Jack Hoadley

Jack Hoadley is a health policy analyst and political scientist with 30 years experience in the health policy field. He joined Georgetown University’s Health Policy Institute in 2002, where he conducts research on health financing topics, including Medicare and Medicaid, with a particular focus on prescription drug issues. Dr. Hoadley was recently appointed to a three-year term as a member of the Medicare Payment Advisory Commission (MedPAC). Prior to arriving at Georgetown, Dr. Hoadley held positions at the Department of Health and Human Services in the Office of the Assistant Secretary for Planning and Evaluation (ASPE); the Physician Payment Review Commission (PPRC) and its successor (MedPAC); the National Health Policy Forum at George Washington University; and in the office of U.S. Representative Barbara Kennelly.

While at Georgetown, Dr. Hoadley has undertaken projects for a variety of government and foundation clients, including the Kaiser Family Foundation, the Commonwealth Fund, the Jessie Ball duPont Fund, the Robert Wood Johnson Foundation, MedPAC, and DHHS/ASPE. In recent projects, he has studied various aspects of the Medicare Part D drug benefit, including spending trends, the use of formularies, the impact of the coverage gap, and policy options for simplifying and standardizing the program. His reports for the Kaiser Family Foundation on Medicare Part D spending, the coverage gap, and plan benefit design have received considerable attention from both media and policymakers. Findings from a new analysis of Part D claims data to assess what factors influence decisions to use generic drugs will be published in the near future. His other recent work has included projects on Medicaid reform proposals in Florida and Connecticut, consumer protections around balance billing in private insurance plans, standardization options for Medicare Advantage, the growth of retainer-based medical practices, and access to physician services for Medicare beneficiaries.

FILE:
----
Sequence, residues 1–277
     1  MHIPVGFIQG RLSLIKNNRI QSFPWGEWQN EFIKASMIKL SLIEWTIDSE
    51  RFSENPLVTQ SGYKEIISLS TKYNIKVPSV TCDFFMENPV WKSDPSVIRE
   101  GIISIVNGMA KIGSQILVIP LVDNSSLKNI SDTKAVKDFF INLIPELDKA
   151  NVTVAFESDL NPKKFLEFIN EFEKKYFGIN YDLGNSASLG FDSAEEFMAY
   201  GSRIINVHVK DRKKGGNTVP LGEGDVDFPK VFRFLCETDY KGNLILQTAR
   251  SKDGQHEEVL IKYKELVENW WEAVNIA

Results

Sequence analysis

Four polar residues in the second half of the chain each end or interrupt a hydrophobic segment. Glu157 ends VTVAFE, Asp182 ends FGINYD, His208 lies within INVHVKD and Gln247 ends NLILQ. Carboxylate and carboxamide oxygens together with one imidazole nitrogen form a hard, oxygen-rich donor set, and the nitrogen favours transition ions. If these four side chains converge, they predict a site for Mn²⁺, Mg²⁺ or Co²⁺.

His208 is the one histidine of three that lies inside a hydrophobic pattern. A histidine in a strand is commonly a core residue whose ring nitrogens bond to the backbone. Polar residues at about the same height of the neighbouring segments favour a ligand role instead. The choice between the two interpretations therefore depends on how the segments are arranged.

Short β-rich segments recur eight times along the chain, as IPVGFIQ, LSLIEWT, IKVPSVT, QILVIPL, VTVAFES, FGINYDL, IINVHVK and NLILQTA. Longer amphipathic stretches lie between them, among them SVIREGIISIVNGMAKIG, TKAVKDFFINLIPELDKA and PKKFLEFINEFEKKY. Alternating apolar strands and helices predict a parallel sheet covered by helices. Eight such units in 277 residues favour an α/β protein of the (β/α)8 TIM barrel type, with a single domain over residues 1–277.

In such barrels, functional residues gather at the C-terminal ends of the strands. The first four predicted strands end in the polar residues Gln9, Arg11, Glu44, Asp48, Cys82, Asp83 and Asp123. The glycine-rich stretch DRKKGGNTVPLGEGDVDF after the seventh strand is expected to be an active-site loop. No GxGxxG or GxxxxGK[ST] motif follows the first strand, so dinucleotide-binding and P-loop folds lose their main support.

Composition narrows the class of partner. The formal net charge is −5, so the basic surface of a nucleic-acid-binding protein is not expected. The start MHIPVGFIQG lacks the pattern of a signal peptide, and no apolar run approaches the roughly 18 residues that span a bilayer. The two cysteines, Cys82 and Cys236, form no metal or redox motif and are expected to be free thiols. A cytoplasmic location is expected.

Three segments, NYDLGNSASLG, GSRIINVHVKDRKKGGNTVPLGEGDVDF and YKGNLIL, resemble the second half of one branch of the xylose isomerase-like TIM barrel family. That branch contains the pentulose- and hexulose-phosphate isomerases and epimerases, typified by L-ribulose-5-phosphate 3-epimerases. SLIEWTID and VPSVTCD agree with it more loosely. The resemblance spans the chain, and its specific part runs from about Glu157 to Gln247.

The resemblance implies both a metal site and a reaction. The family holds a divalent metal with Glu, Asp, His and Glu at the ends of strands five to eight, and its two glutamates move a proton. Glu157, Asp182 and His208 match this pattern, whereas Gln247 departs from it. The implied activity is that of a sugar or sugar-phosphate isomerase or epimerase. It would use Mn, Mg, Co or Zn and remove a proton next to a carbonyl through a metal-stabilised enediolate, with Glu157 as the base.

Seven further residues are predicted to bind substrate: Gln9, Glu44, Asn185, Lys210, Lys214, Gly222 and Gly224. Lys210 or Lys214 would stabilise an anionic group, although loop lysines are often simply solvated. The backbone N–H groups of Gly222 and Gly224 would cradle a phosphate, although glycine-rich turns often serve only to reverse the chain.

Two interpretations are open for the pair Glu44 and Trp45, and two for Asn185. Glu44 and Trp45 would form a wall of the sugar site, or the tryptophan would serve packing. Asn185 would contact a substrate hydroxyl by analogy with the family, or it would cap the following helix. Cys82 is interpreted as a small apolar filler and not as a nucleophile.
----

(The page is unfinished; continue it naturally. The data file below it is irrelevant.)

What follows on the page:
During his time in ASPE, Dr. Hoadley played a key role in the development of legislative options for Medicare modernization, especially a prescription drug benefit. He headed a Department team that released a report in April 2000, “Prescription Drug Coverage, Spending, Utilization, and Prices.” During his time at PPRC and MedPAC, Dr. Hoadley was a lead contributor to the Commission’s annual reports, including analysis of trends and developments in Medicare managed care, risk adjustment, health system reform, and Medicaid managed care.

Dr. Hoadley received his Ph.D. in political science from the University of North Carolina at Chapel Hill in 1979. He taught political science at Duke University and at the State University of New York at Stony Brook before coming to Washington as an American Political Science Association Congressional Fellow in 1983-84. He has published one book, Origins of American Political Parties, 1789-1803, and several articles in professional journals.

Laura Summer

Laura Summer is a Senior Research Scholar at Georgetown University’s Health Policy Institute. She joined the Georgetown faculty in 2000 and served as the Deputy Director for the Institute’s Center on an Aging Society for six years. She has over 20 years of experience in federal and state government, independent policy organizations, and academic institutions. Laura directs research that examines policy choices states make in designing and administering publicly financed health and long-term care programs. She also studies financing and delivery system models, particularly the use of managed care, for different groups of Medicaid beneficiaries.

She also studies the impact of various aspects of the Medicare program on beneficiaries’ access to and use of services. She is a member of a team that has conducted research on the Medicare Part D program since its inception. Much of Laura’s work on the Medicare program concerns the dually eligible population. She has been particularly active in research related to the challenges that Medicaid and Medicare beneficiaries – especially more vulnerable beneficiaries – face in obtaining and using all of the benefits for which they are eligible. Throughout her career she has studied and written extensively about methods to increase enrollment in public programs for moderate and low-income Americans of all ages. Currently, Laura serves on the advisory panel for the National Center for Benefits Outreach and Enrollment and on the policy advisory committee for the Medicare Rights Center. She is also a member of the National Academy of Social Insurance.

Prior to joining the Georgetown faculty, Laura was a policy consultant to a number of Washington-based organizations and spent several years as a health policy analyst at the Center on Budget and Policy Priorities. She holds a Master of Public Health degree from the University of Michigan.